So they're trying to quietly cripple Bitcoin - congesting the network, suppressing the price, and offering 1.7MB centrally-planned blocksize with their SegWit poison pill - which will complicate all further upgrades and permanently cement their power - while permanently crippling Bitcoin.
In order to provide some support suggesting that yes they would really go that far, we have to dive into some pretty nasty and shadowy geopolitics.
What do the wars on Iraq and Libya, JPMorgan's naked short selling of silver, and the book "Confessions of an Economic Hit Man" all have in common?
Whenever a currency tries to compete with the Fed / Petrollar / BIS [1] private central banking cartel, the legacy fiat power élite destroys that currency (if the currency has a central point of control - which Bitcoin does have: the Core devs, the Chinese miners, and Theymos).
[1] BIS = the Bank for International Settlements, often referred to as "the central bank of central banks"
Trillions of dollars were spent to take down the central banks of Iraq and Libya, because they defied the hegemony of the Fed / Petrodollar / BIS private central banking cartel.
https://duckduckgo.com/?q=ellen+brown+iraq+libya+bis
And while you're googling, you might want to look up whistleblower Andrew Maguire (who exposed how JPMorgan uses naked short selling to "dump" nonexistent silver in order to prevent the USDollar from collapsing).
https://duckduckgo.com/?q=andrew+maguire+jpmorgan
And you might also want to look up John Perkins, whose book "Confessions of an Economic Hit Man" is another major eye-opener about how "the Washington consensus" manages to rule the world by printing fiat backed by violence and justified by "experts" and propaganda.
https://duckduckgo.com/?q=john+perkins+confessions+economic+hit+man
That's just how the world works - although you have to do a bit of research to discover those unpleasant facts.
So for the legacy fiat power élite, $76 million to suppress Bitcoin (and quietly maintain their fiat power) is chump change in comparison.
You all knew that "they" were going to try to destroy Bitcoin, didn't you?
Even Jamie Dimon practically admitted as much.
https://duckduckgo.com/?q=jamie+dimon+bitcoin
Did you really think they would be clumsy enough to try to ban it outright?
Private central bankers run this planet, and they have never hesitated to use their lethal combination of guns, debt and psy-ops to maintain their power. They pay for the wars, they keep people enslaved to debt, they censor discussion and create propaganda, and they "dumb down" the population so nobody knows what's really going on.
Print up a trillion dollars here, kill a million people there, brainwash everyone with censorship and propaganda. That's their modus operandi.
So we shouldn't be surprised if they they ruthlessly and covertly try to take down Bitcoin. They have the means, and they have the motivation.
It was only a matter of time before they identified the three weakest centralized points in the Bitcoin system:
And so that's where they applied the pressure.
All three of those players listed above are easy "soft" targets up against the full-spectrum of covert dirty tricks deployed by the legacy fiat power élite.
The central bankers, via AXA, are paying filthy fiat to Blockstream devs, and to their Minister of Propaganda u/brg444.
Blockstream is a "front company" which has been established for the purpose of performing a "controlled demolition" of Bitcoin.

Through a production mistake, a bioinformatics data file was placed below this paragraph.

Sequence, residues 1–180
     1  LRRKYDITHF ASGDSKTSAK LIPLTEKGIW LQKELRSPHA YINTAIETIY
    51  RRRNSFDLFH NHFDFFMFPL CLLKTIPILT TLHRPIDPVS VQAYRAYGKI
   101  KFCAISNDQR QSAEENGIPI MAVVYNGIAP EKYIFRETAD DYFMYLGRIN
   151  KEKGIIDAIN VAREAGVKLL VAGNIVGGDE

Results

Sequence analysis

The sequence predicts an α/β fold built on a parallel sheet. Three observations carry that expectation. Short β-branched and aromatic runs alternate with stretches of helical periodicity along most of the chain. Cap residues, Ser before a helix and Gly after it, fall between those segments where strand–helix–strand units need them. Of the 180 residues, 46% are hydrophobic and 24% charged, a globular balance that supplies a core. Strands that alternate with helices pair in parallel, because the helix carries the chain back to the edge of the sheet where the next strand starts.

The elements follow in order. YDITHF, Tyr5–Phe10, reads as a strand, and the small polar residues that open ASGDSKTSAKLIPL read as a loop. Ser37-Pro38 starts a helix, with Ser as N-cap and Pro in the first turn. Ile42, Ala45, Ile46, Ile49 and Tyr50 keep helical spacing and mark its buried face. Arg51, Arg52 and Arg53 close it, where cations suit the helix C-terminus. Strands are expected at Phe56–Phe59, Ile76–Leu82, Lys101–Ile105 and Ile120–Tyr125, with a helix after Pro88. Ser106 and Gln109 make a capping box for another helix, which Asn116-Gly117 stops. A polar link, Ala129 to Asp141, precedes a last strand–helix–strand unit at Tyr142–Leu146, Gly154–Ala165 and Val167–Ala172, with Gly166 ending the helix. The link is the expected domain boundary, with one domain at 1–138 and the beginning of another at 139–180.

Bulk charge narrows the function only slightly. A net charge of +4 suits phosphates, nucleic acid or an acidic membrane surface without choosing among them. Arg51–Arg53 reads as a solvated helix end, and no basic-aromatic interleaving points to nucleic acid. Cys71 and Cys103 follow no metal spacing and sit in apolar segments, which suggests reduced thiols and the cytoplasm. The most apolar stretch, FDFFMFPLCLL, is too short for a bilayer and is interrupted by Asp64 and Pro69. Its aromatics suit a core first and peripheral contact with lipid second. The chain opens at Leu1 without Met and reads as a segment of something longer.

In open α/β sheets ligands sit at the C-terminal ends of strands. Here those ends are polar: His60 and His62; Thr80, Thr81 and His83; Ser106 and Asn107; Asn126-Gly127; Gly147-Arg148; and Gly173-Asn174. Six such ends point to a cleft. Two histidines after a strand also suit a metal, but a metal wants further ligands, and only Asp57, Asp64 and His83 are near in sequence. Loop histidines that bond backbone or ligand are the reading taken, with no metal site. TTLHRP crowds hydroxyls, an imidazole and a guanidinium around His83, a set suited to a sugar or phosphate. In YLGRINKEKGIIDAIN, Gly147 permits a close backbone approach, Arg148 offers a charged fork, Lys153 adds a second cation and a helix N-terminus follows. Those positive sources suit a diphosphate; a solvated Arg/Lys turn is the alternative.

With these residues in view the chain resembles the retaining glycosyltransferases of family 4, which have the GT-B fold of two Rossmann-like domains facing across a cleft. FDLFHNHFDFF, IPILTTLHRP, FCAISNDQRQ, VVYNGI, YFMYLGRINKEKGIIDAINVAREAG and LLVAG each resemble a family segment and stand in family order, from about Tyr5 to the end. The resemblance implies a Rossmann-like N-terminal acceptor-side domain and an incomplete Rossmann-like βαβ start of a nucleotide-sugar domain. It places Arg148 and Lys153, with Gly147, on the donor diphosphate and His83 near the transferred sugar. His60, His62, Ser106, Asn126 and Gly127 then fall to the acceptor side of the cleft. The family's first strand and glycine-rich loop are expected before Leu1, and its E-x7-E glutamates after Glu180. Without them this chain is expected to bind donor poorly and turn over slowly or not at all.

So Satoshi messed up. He messed up by baking in a "temporary" 1 MB constant into the code at the last minute as a clumsy anti-spam kludge - and then not taking it out again soon enough via a hard fork.
Now the global legacy power élite have managed to use "social engineering" to retain that 1MB temporary kludge (and now offer us a pathetic 1.7MB blocksize via very messy soft-fork upgrade which will massively complicate future upgrades).
This is their plan. This is their secret poison pill for Bitcoin. SegWit is the trojan which will be the final nail in Bitcoin's coffin: giving only a pathetic 1.7MB centrally-planned blocksize - via a soft-fork that will mess up Bitcoin's code so much, it will make it almost impossible to upgrade Bitcoin properly in the future.
The only way to stop them is to:
submitted by UndergroundNews to btc [link] [comments]

How miners keep mining worth with 1/6 efficiency compare to beginning of the year ? /r/Bitcoin

How miners keep mining worth with 1/6 efficiency compare to beginning of the year ? /Bitcoin submitted by ABitcoinAllBot to BitcoinAll [link] [comments]

The owners of Blockstream are spending $75 million to do a "controlled demolition" of Bitcoin by manipulating the Core devs & the Chinese miners. This is cheap compared to the $ trillions spent on the wars on Iraq & Libya - who also defied the Fed / PetroDollar / BIS private central banking cartel.

At this point, that's really the simplest "Occam's razor" explanation for Blockstream's "irrational" behavior.
Once you let go of your irrational belief that Blockstream's owners actually want to get a "return" on their $75 million investment, from "innovations" such as sidechains technology (Lightning Network - LN) - only then will you be able to see that Blockstream's apparently "irrational" behavior is actually perfectly rational.
They say their goal is to "get rich" from LN. And if you believe that, I have a Dogecoin I'd like to sell you.
What are the real goals of Blockstream's owners?
Blockstream's owners don't give a fuck about the Rube Goldberg vaporware which some focus group christened "the Lightning Network". That name is just there to placate the masses of noobs who congregate on /bitcoin.
The owners of Blockstream are laughing at Adam Back as he continues to labor in isolation, the stereotypical math PhD who is clueless about economics, toiling away creating a slow, overpriced, centralized "level 2" payment layer on top of Bitcoin - a complicated contraption which may never work. They have neutralized him - but meanwhile, he thinks he's a rock star now, as "CEO of Blockstream". Little does he know he is the worst "collaborator" of all.